The ‘slippery slope’ concern
The acceptance of the principle that human life is expendable, for whatever purpose, is the ‘slippery slope’ from which there may be no return if euthanasia is legalised.
For instance, once, abortion was only allowed under specific circumstances, now we virtually have abortion on demand, with over 100,000 abortions in Australia, annually.
Then came IVF to help infertile couples, now we have thousands of ‘spare’ embryos in storage.
Infanticide, the killing of infants who are still in the womb, but capable of survival, was legalised in 2008; the Abortion Law Reform Act 2008 (Victoria) came into being allowing late-term abortions (after 24 weeks) if agreed by two doctors.
Voluntary euthanasia was legalised in the Netherlands many years ago.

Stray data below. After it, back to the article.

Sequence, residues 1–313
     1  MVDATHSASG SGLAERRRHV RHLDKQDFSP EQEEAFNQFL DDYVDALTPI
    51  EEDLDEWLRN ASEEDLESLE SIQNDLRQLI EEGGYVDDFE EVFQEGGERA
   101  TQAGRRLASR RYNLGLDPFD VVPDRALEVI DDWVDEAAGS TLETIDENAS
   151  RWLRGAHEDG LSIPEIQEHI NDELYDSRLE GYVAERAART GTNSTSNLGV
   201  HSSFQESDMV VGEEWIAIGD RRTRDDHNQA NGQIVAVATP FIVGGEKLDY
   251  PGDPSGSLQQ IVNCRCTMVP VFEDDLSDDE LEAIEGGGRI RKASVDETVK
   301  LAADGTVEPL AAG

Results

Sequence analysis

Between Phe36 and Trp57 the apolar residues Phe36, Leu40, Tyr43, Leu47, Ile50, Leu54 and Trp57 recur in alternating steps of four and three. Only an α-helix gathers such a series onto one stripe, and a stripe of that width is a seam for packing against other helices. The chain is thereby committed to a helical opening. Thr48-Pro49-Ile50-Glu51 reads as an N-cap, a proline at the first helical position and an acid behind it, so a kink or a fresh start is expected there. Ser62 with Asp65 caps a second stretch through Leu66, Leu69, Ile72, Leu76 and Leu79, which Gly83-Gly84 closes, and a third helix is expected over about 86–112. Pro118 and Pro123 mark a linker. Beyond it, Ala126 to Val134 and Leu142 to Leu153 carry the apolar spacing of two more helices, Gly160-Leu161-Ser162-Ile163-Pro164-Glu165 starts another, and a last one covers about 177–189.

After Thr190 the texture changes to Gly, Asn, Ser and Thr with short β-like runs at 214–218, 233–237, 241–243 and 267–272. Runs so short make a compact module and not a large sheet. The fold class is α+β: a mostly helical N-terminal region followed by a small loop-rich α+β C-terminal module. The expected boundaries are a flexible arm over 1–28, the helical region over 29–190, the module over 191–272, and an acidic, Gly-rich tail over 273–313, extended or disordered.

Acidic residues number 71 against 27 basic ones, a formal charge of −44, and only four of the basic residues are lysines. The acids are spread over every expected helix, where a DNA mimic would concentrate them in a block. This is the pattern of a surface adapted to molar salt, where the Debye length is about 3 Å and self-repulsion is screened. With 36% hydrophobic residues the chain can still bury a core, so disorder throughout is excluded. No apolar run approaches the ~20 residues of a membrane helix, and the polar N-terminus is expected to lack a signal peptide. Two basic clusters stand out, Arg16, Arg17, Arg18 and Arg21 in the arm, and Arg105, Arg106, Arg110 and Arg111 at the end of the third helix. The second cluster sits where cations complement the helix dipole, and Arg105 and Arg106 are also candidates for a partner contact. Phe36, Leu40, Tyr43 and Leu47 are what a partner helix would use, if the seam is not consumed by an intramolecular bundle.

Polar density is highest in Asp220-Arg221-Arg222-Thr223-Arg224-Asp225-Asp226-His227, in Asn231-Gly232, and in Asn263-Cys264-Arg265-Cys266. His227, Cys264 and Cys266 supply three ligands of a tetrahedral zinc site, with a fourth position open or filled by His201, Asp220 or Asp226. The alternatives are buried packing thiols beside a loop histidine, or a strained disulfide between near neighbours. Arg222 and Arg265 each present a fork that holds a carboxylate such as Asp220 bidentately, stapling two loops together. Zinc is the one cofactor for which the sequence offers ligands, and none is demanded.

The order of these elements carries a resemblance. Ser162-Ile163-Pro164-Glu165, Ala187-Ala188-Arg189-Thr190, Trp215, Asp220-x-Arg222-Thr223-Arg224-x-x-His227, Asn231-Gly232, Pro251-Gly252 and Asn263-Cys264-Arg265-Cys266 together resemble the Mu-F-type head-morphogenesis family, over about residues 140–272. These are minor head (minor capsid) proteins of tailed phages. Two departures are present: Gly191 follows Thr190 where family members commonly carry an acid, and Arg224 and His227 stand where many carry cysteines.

Successive Remelink reports there show involuntary euthanasia, despite clear guidelines to the contrary in Dutch law.
Then there is greed.
Remember the court case in Sydney in which a woman was accused of murdering her husband (an Alzheimer sufferer) with the drug Nembutal?
The jury was told that she arranged for him to draw up a new will a week before he died, leaving her all but $200,000 of his 2.4 million dollar estate.
The report was entitled “Euthanasia wife was Worried about Will”.
The ‘slippery slope’ concern is no myth.
The ramifications of legalising euthanasia are many; if legalised it would be too hard to control and who would be safe?
As someone once said “hard cases make bad laws”.
The killing of one person by another has to be dehumanising.
Compassion and dignity are key words in this debate – we must decide were compassion and dignity life.